Don’t be a Promiscuous CX Assessment-Taker!


Shelly Chandler

Shelly Chandler

Author Bio

Vice President, Customer Experience Consulting - Americas


Author Bio

In my 30 years in the broader realm of marketing, 12 of that in customer experience specifically, I’ve seen a lot of self-rated assessments about the maturity of CX programs. Everyone has them—consulting firms in particular, but also software providers, research firms and individual companies. They range from 10-question surveys at an extremely high level, to nearly 300 questions that go to great depth. The more questions, the more they cost.

Let’s be frank. Their purposes are two-fold. As a customer experience leader at major financial institutions, I took them to rate my progress, on my own program and against others, or to show that without additional staff and budget, I couldn’t make more progress. As a consultant and CX software provider, my clients take them for the same reasons: to help to identify program strengths, secure resources and to make further progress. (This, of course, is in addition to the fact that if you are in or have been anywhere near surveys, you can’t NOT take them—it’s that compulsive itch to contribute, gather data and change the world!)

But there is another reason that we’re all aware of. Those offering assessments want to know how they can further help you. Some clients don’t want to air their plans and programs to too many organizations—this is understandable. Companies in whom you have real interest can only serve you better if you start with some type of assessment of your CX program, but vet your partners thoroughly. Don’t be a promiscuous assessment-taker!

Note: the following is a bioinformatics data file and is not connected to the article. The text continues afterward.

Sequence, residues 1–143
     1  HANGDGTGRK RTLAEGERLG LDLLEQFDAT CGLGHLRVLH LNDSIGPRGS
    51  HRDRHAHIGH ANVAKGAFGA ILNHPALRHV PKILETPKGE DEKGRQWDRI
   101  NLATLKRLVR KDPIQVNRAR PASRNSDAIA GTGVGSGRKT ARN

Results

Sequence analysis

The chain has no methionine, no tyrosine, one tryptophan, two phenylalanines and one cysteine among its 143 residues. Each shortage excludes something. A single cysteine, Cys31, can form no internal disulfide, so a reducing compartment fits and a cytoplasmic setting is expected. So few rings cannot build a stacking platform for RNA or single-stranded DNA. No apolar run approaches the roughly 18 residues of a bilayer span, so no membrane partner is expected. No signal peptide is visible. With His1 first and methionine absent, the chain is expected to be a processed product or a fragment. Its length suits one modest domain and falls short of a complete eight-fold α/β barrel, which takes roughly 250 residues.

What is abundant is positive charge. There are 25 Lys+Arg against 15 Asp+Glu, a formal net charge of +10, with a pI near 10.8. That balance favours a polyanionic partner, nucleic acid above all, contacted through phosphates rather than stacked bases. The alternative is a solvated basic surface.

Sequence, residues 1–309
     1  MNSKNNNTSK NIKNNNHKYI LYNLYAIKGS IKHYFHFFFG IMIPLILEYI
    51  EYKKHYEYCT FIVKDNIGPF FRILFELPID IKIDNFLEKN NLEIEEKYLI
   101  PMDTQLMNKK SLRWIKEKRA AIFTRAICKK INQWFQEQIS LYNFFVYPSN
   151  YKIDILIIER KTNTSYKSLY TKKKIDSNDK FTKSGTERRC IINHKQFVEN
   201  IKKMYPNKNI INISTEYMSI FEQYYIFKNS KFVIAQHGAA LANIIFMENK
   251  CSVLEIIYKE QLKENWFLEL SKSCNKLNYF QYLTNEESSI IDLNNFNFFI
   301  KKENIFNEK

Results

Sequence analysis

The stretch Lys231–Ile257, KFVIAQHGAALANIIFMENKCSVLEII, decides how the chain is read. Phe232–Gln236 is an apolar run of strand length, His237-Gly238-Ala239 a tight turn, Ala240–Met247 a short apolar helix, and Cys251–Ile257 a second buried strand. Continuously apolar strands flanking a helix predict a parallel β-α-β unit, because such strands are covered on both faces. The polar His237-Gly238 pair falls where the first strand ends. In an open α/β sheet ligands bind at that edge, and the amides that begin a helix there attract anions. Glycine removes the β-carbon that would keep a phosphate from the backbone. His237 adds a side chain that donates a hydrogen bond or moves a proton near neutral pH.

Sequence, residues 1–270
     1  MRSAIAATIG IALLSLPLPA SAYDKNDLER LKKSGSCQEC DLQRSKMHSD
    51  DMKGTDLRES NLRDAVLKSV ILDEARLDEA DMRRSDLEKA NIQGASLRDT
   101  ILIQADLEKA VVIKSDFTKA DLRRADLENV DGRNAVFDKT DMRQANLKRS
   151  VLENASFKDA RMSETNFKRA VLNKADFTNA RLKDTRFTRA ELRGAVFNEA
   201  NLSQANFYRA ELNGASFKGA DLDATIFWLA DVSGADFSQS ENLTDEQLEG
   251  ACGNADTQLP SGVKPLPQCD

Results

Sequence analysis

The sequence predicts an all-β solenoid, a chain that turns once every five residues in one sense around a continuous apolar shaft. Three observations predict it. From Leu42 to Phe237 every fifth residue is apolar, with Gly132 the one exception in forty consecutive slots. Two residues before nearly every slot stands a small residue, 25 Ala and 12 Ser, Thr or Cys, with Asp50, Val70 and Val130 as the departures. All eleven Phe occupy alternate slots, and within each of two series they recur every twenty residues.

Here’s where the real caution comes in: be sure to vet your partners’ assessments well. Some providers offer very far-ranging assessments that suggest cross-organizational action that many CX professionals cannot impact—though that’s all the more reason to involve the executive team in assessments or assessment results. Other assessments are too superficial, or worse yet, are designed to lead you only to solutions those partners can provide. 

The danger in profligate assessment-taking is confusion—results from one to the next likely won’t agree, as methodologies and question phrasing differ greatly. And if you take too many, how will you know the right advice to act upon? How will you know if those are even the right questions?

I’d put my money (or my time) on an assessment that hits foundational CX program elements, with a broader view to the rest of the organization. I’d gather a sincerely committed team of CX professionals and other stakeholders and rate your program together, with the guiding hand of a trusted professional partner alongside you. Be brutally honest, understand the implications of your maturity status, and be sure actions are planned to address weak spots. Then share it with the executive team, perhaps with outside help to provide objectivity. Most of all, show how your CX plan links directly to business objectives. Don’t be afraid to make a case for the resources! It is hard to improve an organization’s CX maturity with a staff of two and no incremental budget, but you can create engagement and buy-in by pulling in the right people early. 

Full disclaimer: Confirmit offers its clients a CX maturity assessment called Confirmit Compass. While it is a “self-assessment,” our CX consulting team facilitates, analyzes, scores and presents it to provide objectivity and guidance. You can find out more about Confirmit Compass here.

 

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